However, further studies should be conducted for a more
detailed assessment of the efficacy."
A 1994 study (Phytomedicine 1, 9-16) shows that
regular administration of GBE has a positive influence on
subjects with cerebral insufficiency. The study focused on
"long-term and short-term memory, concentration power, maximum
stress, mental flexibility, family problems, and general
satisfaction of the patient with his or her life." None of the
90 subjects exhibited any pseudodementias (defined as dementia
symptoms due to depression), nor were they using any
substances that affected blood vessels. Positive effects were
noted after six weeks of use.
Another 1994 study (Human Psychopharmacology 9,
215-22) reports on the use of GBE for senile dementia of the
Alzheimer’s type. A review of this study in HerbalGram
magazine (34, Summer 1995) says that GBE is "one of the
clinician’s most useful tools for slowing down cognitive
decline in the elderly."
In a double-blind study on memory impairment in the elderly
(Clin Ther 15, no. 3 (May-June 1993): 549-58), 18 men
and women with a mean age of 69.3 received a placebo or 320 mg
of GBE or 600 mg of GBE one hour before performing tests that
measured the speed of information processing. After taking
GBE, results indicated an improvement in the speed of
A 1995 report in the Psychopharmacol Bulletin (31,
no. 1 (1995): 147-58) reports on using GBE in dementia. It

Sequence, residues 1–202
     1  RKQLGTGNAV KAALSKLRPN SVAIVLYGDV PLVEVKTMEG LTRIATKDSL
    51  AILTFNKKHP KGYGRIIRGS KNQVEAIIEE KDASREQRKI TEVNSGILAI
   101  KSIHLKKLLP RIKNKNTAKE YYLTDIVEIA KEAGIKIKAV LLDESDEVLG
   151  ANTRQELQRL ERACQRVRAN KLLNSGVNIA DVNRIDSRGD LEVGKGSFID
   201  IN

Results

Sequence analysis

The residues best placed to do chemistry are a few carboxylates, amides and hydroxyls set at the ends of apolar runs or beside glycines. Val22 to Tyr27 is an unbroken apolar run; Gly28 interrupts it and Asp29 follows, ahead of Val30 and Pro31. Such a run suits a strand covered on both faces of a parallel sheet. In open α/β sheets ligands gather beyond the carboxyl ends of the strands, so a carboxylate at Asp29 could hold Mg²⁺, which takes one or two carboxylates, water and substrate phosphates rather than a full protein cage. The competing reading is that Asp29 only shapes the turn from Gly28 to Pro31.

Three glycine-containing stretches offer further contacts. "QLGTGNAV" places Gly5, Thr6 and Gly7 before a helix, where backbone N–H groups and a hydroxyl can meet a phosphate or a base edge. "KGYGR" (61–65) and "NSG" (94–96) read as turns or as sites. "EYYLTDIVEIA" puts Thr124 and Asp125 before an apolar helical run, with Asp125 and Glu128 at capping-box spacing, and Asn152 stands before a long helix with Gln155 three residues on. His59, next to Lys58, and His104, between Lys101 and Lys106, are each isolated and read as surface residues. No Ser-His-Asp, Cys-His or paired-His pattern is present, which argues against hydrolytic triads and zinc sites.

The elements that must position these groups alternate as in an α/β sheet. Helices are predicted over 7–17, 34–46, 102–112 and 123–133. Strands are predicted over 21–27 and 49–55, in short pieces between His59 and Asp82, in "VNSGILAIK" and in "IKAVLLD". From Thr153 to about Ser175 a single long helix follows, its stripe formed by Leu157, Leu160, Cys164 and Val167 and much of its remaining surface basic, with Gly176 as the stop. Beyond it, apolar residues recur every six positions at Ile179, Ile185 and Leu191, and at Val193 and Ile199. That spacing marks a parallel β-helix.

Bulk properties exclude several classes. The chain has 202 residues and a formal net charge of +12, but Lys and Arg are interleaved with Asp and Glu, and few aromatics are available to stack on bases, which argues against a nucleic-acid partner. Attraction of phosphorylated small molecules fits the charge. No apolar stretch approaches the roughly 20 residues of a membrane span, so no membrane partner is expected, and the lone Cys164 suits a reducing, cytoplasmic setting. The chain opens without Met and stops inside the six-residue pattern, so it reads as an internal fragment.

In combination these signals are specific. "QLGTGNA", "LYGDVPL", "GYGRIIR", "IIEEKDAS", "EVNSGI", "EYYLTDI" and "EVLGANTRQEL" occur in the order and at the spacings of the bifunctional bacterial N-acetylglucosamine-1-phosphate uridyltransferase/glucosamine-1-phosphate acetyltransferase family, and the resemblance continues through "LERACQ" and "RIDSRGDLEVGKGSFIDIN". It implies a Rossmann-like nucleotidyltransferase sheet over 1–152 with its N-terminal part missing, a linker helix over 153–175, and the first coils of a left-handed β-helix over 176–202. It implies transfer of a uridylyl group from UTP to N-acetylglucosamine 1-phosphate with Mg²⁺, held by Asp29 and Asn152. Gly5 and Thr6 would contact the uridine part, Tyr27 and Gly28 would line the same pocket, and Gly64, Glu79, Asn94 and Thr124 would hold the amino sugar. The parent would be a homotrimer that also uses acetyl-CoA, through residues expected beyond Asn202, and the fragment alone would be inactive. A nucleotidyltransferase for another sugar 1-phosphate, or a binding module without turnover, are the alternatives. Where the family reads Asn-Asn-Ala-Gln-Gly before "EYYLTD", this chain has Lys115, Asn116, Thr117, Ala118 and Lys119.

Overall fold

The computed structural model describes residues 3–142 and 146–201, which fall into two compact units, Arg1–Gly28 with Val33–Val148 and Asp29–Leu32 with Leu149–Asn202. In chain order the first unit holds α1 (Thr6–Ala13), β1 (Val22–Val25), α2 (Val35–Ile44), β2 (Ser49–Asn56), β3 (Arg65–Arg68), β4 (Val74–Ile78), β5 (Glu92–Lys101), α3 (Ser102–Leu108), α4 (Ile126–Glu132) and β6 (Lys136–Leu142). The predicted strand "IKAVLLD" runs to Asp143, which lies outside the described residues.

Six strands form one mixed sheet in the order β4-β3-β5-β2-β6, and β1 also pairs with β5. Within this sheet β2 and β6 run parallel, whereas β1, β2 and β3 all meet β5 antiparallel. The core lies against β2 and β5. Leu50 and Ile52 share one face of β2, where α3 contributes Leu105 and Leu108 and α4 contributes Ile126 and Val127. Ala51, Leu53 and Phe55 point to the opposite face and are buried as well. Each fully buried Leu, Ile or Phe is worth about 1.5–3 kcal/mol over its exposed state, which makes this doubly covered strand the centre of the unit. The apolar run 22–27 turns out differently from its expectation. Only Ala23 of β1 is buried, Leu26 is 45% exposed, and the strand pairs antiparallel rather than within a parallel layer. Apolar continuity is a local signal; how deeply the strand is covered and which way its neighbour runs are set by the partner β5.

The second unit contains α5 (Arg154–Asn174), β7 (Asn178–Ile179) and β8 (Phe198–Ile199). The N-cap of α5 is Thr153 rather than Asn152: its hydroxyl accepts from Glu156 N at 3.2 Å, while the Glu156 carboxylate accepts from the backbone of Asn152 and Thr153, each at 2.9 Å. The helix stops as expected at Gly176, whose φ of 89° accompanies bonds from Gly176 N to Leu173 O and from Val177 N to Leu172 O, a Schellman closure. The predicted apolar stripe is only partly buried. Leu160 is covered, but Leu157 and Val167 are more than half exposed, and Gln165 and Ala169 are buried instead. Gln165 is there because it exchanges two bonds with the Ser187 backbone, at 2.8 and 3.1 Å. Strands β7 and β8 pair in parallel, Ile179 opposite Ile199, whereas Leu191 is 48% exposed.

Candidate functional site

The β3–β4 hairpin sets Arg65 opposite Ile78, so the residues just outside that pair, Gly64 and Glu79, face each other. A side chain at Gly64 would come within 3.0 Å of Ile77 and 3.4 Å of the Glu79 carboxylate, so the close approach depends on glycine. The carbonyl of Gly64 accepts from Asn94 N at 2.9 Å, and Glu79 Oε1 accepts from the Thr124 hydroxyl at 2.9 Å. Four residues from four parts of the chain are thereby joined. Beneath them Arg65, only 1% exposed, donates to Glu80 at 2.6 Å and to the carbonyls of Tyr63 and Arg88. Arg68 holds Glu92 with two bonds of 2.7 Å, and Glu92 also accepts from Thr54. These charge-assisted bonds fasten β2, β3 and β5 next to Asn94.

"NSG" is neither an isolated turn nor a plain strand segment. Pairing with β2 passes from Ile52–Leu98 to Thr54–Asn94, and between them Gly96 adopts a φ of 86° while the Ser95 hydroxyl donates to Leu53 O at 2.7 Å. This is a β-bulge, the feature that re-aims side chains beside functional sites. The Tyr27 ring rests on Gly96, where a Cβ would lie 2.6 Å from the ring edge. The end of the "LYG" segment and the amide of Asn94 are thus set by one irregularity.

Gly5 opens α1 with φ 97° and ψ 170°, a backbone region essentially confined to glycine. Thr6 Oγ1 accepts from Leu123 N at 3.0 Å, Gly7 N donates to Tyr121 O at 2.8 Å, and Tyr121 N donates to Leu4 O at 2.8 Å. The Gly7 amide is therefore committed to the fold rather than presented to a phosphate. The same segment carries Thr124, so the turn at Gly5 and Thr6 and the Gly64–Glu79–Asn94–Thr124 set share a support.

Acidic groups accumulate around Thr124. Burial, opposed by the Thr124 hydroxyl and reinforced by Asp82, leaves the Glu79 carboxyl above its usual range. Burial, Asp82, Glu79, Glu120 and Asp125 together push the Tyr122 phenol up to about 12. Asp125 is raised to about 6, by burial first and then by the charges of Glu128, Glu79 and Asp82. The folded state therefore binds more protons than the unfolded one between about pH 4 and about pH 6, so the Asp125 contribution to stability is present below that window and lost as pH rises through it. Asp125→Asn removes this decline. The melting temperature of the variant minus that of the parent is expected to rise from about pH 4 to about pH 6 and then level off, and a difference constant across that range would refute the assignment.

notes that GBE is among the most popular over-the-counter
medicines in Europe, that the European medical community has
recognized it "as an effective compound in the treatment of
cerebral insufficiency," and that it has earned the "approval
of the German BGA (Bundesgesundheit Amt) for use in the
treatment of dementia."
In October 1997 came the "groundbreaking" study on
GBE—groundbreaking not because of new information, but because
it was published in the prestigious and mainstream Journal
of the American Medical Association (JAMA). JAMA
reported that GBE may be beneficial in the treatment of
This was followed up by a 1998 meta-analysis (an analysis
of all studies available on a subject) that attempted to
identify all English and non-English-language research in
which GBE was given to subjects with dementia or cognitive
impairment. In the abstract to this study, the authors note
that ". … there is a small but significant effect of three to
six month treatment with 120 to 240 mg of G. biloba extract on
objective measures of cognitive function in Alzheimer’s
disease." (Arch Neurol 55, no. 11 (November 1998 ):
So, you’ve heard about ginkgo, read about it, and seen it
on television. Maybe it’s time you tried it!
Ginkgo: What to buy?
When considering a ginkgo biloba extract, make sure you use
a product that meets the specifications of the GBE used in the
many studies. This is a product standardized to 24 percent
flavonoids (ginkgo extract flavoneglycosides) and 6 percent
terpenoids. If your GBE does not meet these specifications,
there is no guarantee that you will get desired benefits.
AIM Product Suggestion:
AIM Ginkgo Sense
Combines ginkgo biloba with the essential fatty acid DHA, the herb bilberry, and the carotenoids lutien and zeaxanthin.
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AIM products are not intended to diagnose, cure, treat, mitigate or prevent a disease or illness. Results may vary per person.